Erectile dysfunction? OK. Scanty swimwear? OK. Barely there lingerie? OK.
Feminine-care brands and the word vagina? Not OK.
That seems to be the policy of Facebook and Instagram when it comes to advertisements for feminine wellness and intimacy brands. Queen V, Billie, VSpot Medi Spa and Dame are among the companies saying their paid ads have been blocked from running on either Facebook-owned platform, often for reasons that aren’t immediately clear as they pertain to Facebook’s advertising policies.
Lauren Steinberg, founder of Queen V, a feminine-care brand that sells products like pH-balanced feminine wipes and body wash, claimed she was banned by Facebook over the summer after posting a 45-second ad that included the word vagina.
The original ad posted on Queen V’s account on June 4. By Aug. 20, it had been “disapproved” by Facebook, Steinberg told WWD. At that point, the ad had racked up 2.5 million views and 6.5 million impressions. The reason for its disapproval was not made clear to Steinberg.
“We weren’t able to figure out why,” Steinberg said, when asked why the ad had been disapproved. “Our theory was it was because there was a combination of feminine wellness products, like vaginal products, and then we had pictures that were suggestive of a vagina. The audio also did use the word vagina.”
She added that her team recently edited the ad, which replaces the word vagina with euphemisms such as “muff,” “peach,” “cookie” and “flower.” The word vagina is now used only one time in the video, which has 11,000 views on Queen V’s YouTube page. The ad has since been approved by Facebook.
This was the first time one of Queen V’s ads had been blocked from running on Facebook, said Steinberg.
“Normally, we refer to it as your ‘Queen V,’ but we were getting a lot of feedback of, ‘Your company’s supposed to be destigmatizing the word vagina and you’re not even using the word vagina,'” said Steinberg.
“It’s also really frustrating for a start-up business like mine because once an ad is up and running, it could take weeks for it to find its audience,” she continued. “Our ads did end up finding its audience and then when it was ‘disapproved,’ we had to start all over again.”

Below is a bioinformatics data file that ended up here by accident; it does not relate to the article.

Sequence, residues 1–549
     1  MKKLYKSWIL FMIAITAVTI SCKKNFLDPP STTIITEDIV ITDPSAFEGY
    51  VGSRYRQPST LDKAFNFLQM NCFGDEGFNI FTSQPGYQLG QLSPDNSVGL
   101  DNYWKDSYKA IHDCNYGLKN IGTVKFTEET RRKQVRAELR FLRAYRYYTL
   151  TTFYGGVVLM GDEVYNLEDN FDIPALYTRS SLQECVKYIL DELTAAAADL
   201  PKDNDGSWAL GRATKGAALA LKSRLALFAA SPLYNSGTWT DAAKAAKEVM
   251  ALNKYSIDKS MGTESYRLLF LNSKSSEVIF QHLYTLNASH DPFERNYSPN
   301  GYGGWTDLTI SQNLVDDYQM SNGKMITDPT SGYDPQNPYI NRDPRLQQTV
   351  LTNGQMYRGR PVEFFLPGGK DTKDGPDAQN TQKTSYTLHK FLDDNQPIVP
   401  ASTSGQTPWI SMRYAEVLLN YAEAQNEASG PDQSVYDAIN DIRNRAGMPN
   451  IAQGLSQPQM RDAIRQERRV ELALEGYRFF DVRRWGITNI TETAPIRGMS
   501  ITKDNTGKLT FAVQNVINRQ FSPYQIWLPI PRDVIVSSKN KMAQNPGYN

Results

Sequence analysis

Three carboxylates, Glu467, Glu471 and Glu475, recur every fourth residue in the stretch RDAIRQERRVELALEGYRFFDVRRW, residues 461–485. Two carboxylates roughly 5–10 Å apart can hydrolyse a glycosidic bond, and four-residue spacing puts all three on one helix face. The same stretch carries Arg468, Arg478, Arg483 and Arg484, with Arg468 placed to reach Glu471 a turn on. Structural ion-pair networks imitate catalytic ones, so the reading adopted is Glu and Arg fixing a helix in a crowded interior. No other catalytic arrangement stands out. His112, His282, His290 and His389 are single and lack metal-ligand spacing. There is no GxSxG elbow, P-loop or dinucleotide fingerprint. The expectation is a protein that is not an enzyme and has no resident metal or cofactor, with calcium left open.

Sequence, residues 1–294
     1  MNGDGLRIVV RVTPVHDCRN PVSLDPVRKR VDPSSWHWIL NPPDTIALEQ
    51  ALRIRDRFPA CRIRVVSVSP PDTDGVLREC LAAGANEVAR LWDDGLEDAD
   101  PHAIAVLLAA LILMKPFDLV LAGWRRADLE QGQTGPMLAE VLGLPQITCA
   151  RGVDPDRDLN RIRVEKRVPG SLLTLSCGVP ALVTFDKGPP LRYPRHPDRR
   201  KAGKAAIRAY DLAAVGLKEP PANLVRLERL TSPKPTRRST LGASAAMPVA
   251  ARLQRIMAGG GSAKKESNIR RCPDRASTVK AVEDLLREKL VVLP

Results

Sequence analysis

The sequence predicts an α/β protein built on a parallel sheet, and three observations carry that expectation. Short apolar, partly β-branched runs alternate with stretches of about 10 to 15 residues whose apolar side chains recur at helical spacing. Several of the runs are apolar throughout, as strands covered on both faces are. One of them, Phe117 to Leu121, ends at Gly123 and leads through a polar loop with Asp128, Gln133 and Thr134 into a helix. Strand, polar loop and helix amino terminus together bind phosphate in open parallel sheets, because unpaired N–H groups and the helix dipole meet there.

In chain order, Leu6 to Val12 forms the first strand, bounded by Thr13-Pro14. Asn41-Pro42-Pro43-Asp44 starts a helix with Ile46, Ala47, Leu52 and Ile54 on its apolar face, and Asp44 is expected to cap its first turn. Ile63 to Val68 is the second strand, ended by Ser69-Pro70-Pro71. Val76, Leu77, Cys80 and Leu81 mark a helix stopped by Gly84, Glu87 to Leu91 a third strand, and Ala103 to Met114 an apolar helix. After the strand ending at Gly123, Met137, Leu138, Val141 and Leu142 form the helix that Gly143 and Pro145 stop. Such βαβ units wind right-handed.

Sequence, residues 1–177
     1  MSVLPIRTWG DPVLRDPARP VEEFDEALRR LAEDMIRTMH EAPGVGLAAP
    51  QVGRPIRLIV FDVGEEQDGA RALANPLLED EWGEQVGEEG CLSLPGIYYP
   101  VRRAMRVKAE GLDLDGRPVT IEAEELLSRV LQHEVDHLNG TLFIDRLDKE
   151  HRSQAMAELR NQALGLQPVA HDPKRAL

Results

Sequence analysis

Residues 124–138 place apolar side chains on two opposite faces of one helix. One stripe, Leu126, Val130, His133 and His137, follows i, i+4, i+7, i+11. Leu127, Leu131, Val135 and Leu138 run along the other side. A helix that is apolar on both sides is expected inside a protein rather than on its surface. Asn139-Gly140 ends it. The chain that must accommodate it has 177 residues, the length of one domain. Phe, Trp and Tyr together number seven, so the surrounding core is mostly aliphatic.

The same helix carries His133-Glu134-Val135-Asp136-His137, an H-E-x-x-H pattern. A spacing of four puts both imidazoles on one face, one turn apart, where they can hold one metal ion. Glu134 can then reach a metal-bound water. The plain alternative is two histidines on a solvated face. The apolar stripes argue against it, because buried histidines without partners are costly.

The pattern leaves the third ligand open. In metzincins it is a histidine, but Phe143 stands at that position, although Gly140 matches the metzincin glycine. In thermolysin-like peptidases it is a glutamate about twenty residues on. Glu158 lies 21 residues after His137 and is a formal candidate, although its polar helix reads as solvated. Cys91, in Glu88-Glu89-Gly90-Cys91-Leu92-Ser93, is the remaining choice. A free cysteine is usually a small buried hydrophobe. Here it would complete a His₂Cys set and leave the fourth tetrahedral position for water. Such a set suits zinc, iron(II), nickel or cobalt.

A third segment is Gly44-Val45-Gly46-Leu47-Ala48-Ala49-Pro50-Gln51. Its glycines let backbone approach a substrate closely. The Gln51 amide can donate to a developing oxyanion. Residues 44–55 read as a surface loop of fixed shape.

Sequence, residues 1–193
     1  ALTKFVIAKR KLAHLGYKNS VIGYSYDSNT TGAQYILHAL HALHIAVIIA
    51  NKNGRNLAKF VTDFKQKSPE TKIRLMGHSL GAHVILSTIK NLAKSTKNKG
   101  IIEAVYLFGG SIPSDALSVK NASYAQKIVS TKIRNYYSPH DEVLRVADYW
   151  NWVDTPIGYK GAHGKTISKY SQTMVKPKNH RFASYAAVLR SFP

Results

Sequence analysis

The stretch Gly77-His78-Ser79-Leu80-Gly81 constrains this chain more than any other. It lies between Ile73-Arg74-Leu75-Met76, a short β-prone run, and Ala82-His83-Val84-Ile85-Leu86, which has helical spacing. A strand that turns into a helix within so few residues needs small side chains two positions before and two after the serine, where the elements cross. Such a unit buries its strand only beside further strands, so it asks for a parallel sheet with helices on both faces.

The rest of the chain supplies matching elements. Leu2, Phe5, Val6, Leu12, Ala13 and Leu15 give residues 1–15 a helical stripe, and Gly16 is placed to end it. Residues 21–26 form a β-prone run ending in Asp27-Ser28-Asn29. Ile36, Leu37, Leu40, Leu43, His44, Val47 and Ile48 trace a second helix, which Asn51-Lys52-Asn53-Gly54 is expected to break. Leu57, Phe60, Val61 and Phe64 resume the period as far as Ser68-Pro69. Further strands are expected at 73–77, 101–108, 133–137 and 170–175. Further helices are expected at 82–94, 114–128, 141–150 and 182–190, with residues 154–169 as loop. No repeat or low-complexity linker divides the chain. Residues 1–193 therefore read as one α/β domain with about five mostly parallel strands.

Cindy Barshop, the founder of VSpot Medi Spa, which offers an array of nonsurgical services such as vaginal steaming and tightening, said one of her ads that included the words “vagina” and “sex” was banned in September by both Facebook and Instagram.
“Anything that had to do with the word vagina was taken off,” contended Barshop, who hired a production company called Sibling Rivalry to create the video ad. “We’re blocked completely, not allowed to advertise. They just let us put something on Facebook because we convoluted the system: I opened up another Facebook account. But you can’t say the word vagina, that’s for sure.
“There’s more sex in a [movie] trailer that they promote than something like [VSpot’s video ad],” she added.
When reached, Facebook and Instagram declined to comment.
On its web site, Facebook lists policies for prohibited advertisements, including subcategories for “personal health” and “adult products or services.” Personal health ads, Facebook’s policy states, “must not contain ‘before-and-after’ images or images that contain unexpected or unlikely results. Ad content must not imply or attempt to generate negative self-perception in order to promote diet, weight loss, or other health-related products.” A list of examples follows.
It’s unclear how exactly the mechanics of an ad getting banned by Facebook and Instagram work. In some cases, both platforms are OK with brands posting their campaigns to their own feeds, without paid media behind them. Promoting the posts with paid media, however, is what leads to getting banned.
Georgina Gooley, cofounder of women’s razor brand Billie, said a video ad promoting the company’s summer campaign, “Red, White and You Do You,” was disapproved by Facebook. Nonetheless, Billie was able to post the video on its Instagram feed — though it was not allowed to promote it as a paid media post. (For context, adding paid media behind a post enables it to reach a wider audience.) Billie’s video campaign shows a variety of women wearing bikinis, their pubic hair visible.